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Worthman could induce 'expert chill'

|Written By Julius Melnitzer
The decision of the Divisional Court in Worthman v. AssessMed Inc. may induce "expert chill" in Ontario''s courts, according to a lawyer for the Canadian Medical Protective Association (CMPA).
In the January ruling, Justices Denis Power and Patrick Gravely, over the dissent of Justice John O''Driscoll, allowed plaintiff Phyllis Worthman to proceed to trial with her suit against AssessMed Inc. and Dr. Paul Grant.
Anne Spafford says the decision could discourage professionals from becoming involved in accident claims.
The majority concluded that Grant's status as an independent medical examiner (IME) under the Insurance Act did not give him an automatic right to invoke the "witness immunity defence."
Anne Spafford of Lerners LLP's Toronto office, who represented Grant and his insurer, the CMPA, says the decision could discourage professionals from becoming involved in accident claims.
"The majority's ruling could create expert chill even for potential witnesses who are asked for an opinion before litigation commences," she says.
But Susan Chapman of Toronto's Pape Barristers, who with colleague Jonathan Rosen-stein represented Worthman in the Divisional Court, has a different take on the issue.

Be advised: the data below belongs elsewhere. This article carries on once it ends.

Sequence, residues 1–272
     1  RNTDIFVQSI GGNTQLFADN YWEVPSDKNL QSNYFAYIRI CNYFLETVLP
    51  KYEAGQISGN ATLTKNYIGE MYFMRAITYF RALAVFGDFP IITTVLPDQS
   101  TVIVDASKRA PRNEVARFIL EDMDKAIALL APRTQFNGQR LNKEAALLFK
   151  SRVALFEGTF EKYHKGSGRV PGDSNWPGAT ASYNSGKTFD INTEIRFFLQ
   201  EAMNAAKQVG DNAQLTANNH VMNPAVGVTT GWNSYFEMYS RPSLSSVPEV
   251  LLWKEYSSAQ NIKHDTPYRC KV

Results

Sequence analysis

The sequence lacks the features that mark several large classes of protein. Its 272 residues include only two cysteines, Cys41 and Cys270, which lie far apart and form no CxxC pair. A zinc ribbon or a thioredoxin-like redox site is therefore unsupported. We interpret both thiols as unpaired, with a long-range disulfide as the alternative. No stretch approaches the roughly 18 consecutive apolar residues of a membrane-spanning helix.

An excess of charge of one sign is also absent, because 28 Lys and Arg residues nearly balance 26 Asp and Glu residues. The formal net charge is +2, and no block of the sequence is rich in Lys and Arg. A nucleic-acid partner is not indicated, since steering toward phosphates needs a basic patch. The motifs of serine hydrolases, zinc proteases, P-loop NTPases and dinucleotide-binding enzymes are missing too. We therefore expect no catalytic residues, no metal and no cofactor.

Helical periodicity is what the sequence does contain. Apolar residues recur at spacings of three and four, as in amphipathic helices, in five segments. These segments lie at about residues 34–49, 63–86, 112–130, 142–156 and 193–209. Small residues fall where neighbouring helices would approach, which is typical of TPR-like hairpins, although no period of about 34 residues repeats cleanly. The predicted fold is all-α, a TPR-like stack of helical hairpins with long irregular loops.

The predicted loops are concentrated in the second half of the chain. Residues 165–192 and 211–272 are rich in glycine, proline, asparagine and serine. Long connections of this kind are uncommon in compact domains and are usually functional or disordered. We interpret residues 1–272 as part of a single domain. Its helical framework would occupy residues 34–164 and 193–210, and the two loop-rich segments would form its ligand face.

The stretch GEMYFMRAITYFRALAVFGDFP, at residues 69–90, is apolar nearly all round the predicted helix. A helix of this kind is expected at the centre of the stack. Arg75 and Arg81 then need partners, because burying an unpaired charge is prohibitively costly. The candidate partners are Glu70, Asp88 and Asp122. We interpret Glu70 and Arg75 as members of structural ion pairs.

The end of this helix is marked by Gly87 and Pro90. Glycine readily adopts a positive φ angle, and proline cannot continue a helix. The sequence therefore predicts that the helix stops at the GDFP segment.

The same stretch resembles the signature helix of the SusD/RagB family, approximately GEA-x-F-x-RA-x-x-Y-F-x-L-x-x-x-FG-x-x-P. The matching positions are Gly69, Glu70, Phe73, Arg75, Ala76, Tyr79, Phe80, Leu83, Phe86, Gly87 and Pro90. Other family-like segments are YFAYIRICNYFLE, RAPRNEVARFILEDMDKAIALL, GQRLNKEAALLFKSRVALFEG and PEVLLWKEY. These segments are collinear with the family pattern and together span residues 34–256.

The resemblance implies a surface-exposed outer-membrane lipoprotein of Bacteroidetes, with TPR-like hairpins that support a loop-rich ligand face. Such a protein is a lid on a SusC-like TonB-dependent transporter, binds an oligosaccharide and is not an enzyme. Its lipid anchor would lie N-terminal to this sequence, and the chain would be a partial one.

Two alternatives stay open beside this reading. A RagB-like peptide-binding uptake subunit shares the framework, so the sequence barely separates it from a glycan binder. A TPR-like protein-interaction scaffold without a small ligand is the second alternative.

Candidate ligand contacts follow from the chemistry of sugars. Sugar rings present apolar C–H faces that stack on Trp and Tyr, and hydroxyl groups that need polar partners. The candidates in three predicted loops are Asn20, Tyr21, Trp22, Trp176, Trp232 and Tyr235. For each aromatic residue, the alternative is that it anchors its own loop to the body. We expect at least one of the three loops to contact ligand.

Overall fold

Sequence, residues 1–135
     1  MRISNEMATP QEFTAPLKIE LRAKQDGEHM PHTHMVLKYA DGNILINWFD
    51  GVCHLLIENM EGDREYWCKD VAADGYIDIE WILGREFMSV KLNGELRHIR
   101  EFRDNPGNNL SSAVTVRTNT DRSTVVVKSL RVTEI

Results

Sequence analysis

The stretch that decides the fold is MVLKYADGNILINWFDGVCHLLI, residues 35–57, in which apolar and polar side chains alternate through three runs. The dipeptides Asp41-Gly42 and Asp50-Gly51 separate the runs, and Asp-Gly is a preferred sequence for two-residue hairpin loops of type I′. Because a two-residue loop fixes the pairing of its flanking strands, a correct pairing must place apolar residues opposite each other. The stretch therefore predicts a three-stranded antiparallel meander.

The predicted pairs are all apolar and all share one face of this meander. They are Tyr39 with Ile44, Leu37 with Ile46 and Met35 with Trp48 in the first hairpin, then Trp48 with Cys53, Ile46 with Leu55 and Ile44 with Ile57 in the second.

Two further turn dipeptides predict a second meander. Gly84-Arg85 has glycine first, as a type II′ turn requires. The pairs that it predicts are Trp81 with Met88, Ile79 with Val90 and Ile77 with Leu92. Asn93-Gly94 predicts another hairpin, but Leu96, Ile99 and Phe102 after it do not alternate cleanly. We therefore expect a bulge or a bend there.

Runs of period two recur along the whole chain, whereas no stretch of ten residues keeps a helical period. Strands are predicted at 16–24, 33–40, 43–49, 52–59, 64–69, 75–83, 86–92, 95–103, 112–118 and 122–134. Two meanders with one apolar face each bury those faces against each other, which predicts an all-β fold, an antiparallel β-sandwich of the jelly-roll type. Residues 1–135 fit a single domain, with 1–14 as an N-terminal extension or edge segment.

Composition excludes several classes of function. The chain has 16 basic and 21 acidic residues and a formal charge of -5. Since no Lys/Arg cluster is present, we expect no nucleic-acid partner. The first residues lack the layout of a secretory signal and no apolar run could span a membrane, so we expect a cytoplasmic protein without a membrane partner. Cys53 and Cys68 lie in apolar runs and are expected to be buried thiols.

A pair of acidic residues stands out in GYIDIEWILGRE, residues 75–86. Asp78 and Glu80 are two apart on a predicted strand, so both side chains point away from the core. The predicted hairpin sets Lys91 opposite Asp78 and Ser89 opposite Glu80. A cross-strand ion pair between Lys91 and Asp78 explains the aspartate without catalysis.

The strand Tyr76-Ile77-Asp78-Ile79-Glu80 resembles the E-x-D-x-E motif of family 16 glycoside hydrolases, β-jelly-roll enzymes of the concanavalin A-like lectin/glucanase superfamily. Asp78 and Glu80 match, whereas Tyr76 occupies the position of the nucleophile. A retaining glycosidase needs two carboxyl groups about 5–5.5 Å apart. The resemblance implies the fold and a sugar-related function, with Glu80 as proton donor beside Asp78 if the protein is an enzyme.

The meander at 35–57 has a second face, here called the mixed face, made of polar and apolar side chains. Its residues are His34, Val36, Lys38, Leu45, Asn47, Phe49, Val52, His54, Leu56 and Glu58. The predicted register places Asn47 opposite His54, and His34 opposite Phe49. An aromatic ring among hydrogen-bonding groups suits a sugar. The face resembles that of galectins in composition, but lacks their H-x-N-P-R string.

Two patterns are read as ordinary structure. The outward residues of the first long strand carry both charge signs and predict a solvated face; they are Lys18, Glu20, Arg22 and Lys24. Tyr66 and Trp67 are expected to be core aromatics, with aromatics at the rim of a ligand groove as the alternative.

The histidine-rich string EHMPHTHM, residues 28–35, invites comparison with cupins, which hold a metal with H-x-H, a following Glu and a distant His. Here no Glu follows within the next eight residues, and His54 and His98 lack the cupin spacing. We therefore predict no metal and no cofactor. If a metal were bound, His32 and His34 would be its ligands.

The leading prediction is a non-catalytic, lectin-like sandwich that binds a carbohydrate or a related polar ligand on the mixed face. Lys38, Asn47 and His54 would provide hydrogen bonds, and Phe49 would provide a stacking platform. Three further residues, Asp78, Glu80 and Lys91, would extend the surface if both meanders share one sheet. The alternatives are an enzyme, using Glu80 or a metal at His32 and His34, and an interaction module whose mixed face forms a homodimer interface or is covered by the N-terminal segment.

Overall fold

"The decision means there will be greater responsibility and accountability for IMEs," she said. "And that's a good thing."
Worthman had suffered an injury in a motor vehicle accident in January 1995. She applied to her insurer, AXA, for statutory accident benefits, including a weekly income replacement benefit. Her position was that she had suffered a substantial inability to perform the essential tasks of her employment.
Worthman had a significant pre-existing medical history that included back and neck problems, arthritis, headaches, and depression.
Section 65 of the Statutory Accident Benefits Schedule (SABS) for accidents occurring on or after Jan. 1, 1994 allowed AXA to demand a medical examination "as often as reasonably required."
AXA scheduled the examination at AssessMed's Mississauga, Ont., office, where Grant performed an insurer examination for the company. He concluded that AXA should stop paying income replacement benefits.
Worthman, who saw Grant only once, was not his patient and had not been treated by him.
AXA served a copy of the report and a notice of termination of benefits on Grant, who responded with a request for a designated assessment centre (DAC) examination. However, she did not attend the DAC appointment, but subsequently requested a mediation, which failed. Worthman referred the matter to an arbitration at the Financial Services Commission of Ontario (FSCO).
In October 1998, the arbitrator ruled in Worthman's favour, stating that he preferred the evidence of the physicians called by the plaintiff over Grant's evidence. He ordered reinstatement of Worthman's income replacement benefits.
In June 1999, Worthman sued AssessMed and Grant, claiming damages for bad faith, intentional interference with economic relations, inducing breach of contract, injurious falsehood, negligence, malpractice, and breach of duty of care.
She based her claim entirely on Grant's medical-legal report following the examination.
The defendants moved for judgment, but Justice Ted Matlow of the Ontario Superior Court denied the motion, concluding that genuine issues arose regarding the existence of an immunity or privilege for Grant's report.